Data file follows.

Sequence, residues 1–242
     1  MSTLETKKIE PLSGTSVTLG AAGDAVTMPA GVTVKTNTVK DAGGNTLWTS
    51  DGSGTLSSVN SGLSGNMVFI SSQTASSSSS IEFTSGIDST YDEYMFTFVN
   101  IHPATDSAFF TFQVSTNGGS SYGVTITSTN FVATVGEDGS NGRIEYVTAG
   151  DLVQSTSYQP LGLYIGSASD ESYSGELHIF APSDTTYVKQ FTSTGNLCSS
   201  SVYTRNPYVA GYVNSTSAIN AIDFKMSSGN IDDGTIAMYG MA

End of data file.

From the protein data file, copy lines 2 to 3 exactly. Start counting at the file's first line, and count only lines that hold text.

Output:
     1  MSTLETKKIE PLSGTSVTLG AAGDAVTMPA GVTVKTNTVK DAGGNTLWTS
    51  DGSGTLSSVN SGLSGNMVFI SSQTASSSSS IEFTSGIDST YDEYMFTFVN